One was a pair of skinny jeans I purchased at the Ann Taylor Outlet. They looked nice on, and I loved the wash and the fact that they did not have gold stitching. But they were not as well made as my other jeans, nor as comfortable. The latter was the deal-breaker. I have other jeans that don’t pain me to wear!
The second pair came from J Crew. They’re a great shade of charcoal gray, but this particular straight jean is too baggy for me and makes me look frumpy.
So, discomfort and baggy legs are some things I need to watch out for. I will keep wearing and evaluating my other jeans, but the only pair currently in question are a bit tight. I’m a couple of pounds over my desirable weight range. Two pounds can make a big difference for me (I’m 5’3”), so I’m holding on to those for now.
Congrats on letting go of the two pairs of jeans, Jenn! I’m pleased that my process helped you to do that. Thanks for sharing your reasons for purging the jeans. I have had similar situations myself over the years. I struggle with my jeans looking good but not being all that comfortable, so I can relate to what you wrote about the first pair. And I hate when I feel frumpy in jeans (or anything else). Great reasons for passing things on…
I have the opposite problem as you with my jeans. Jeans are almost NEVER baggy in the legs on me and are instead often too tight (and if I size up, I just get serious gapping in the waist – sigh). Wearing and evaluating all of your jeans is a good way to go. Sometimes we’ll only know if something should stay or go after we’ve worn it for a full day or at least a few hours. It sounds reasonable to hang on to the one pair of jeans given that there’s just a couple of pounds standing in the way of their working for you. Hopefully you’ll be able to comfortably wear them again soon.
Wow, nine items in a single category is impressive! And how great to be able to return some of them. Definitely a point in favor of buying from well-known, quality brands and stores – you can often return things long after purchasing.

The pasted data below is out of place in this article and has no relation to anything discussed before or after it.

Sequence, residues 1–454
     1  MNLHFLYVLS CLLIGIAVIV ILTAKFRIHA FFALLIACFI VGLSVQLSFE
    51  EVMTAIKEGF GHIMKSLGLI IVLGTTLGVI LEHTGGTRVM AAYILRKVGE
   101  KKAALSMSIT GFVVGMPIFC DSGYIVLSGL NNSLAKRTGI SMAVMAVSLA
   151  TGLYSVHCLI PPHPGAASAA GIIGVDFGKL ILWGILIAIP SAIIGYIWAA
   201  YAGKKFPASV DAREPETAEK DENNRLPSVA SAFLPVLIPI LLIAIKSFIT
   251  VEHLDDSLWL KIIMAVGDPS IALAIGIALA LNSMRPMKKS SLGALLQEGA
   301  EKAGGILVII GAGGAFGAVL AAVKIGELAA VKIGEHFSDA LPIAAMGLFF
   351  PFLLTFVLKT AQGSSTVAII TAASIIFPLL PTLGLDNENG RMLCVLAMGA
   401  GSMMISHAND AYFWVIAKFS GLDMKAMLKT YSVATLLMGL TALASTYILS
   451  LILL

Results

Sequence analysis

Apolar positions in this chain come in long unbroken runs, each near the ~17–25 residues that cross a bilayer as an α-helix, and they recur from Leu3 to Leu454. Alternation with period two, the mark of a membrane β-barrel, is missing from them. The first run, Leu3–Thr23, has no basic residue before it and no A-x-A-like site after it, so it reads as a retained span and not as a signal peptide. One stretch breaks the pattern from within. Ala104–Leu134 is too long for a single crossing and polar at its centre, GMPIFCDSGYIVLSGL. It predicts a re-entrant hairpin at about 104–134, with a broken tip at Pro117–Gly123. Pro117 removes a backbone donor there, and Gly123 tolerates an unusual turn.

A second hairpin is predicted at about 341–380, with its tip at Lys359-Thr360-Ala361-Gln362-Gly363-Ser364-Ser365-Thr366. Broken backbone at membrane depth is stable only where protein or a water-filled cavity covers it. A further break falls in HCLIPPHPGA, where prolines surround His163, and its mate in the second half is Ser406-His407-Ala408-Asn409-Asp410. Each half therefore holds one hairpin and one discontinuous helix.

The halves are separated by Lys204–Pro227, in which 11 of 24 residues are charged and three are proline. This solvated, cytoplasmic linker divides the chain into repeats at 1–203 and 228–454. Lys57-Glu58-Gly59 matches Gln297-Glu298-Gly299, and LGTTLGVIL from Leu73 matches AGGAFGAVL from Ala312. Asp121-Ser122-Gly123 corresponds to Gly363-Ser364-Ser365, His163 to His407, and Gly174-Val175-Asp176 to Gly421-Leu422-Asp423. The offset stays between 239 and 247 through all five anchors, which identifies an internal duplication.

I should probably follow Jenn’s example and go through my jeans. I keep the worn and ill-fitting ones for work in the garden, but they’re so uncomfortable that I end up not using them for that. Most of them are just taking up space.
I was pleased to be able to let go of so many cardigans, Katrina, but also upset with myself for having so many in the first place! It was a relief to be able to return two-thirds of them, and I hope the two I have listed for sale will sell soon. Jeans can be tough to get rid of sometimes. I know that I tend to hang on to mine longer than with other pieces, but if they’re uncomfortable, they really should go! Nothing will likely change to make us feel comfortable when wearing them, but I get the hesitancy. Good luck with the jeans downsizing!
Knit dresses are my Waterloo. When you mentioned the tell of buying them and not wearing them immediately I thought about the two dresses I never wore last Summer because I was at home all the time, and thennnn – the two dresses I’ve acquired this past Fall and Winter, that I haven’t worn yet either. One of them is in my sewing room beause I decided to alter it. Now that I think about it, there is another one I just ordered.
I don’t have a cardigan problem, I do usually wear a cardigan with the dresses, but I’ve managed to keep those down to 4-5. White, black, blue, green, usually short button front styles that can be worn over the dress in the A/C. It’s the dresses that are the problem
I think it’s aspirational. I’ll feel so feminine and lovely in these dresses.
I don’t know if I”m going to get rid of them right away, I think we will be going back to work in the next 6 months and I may wear them more when I”m going places. But I will take the first step and stop buying them!
I think we all have our “things,” Rose. And it’s good that you’ve identified WHY you keep buying dresses. A lot of us buy things for aspirational reasons; we may be searching for a feeling, trying to recapture a feeling, or embracing a feeling (like feeling feminine and lovely in dresses). Because life has been so different for most of us over the past year, it makes sense not to get rid of things just yet. The only things I would get rid of are items that you don’t see yourself wearing for reasons other than the pandemic and its associated life changes. If you don’t like something anymore or if it doesn’t fit (and isn’t likely to fit anytime soon, if ever), those are good reasons to pass things on. But as always, placing things into a “holding zone” for a period of time to see if you miss them is a good, conservative way to go. Good for you for taking the first step of not buying anymore knit dresses. It can be challenging and I still feel myself being drawn to cardigans, but we have to draw the line somewhere!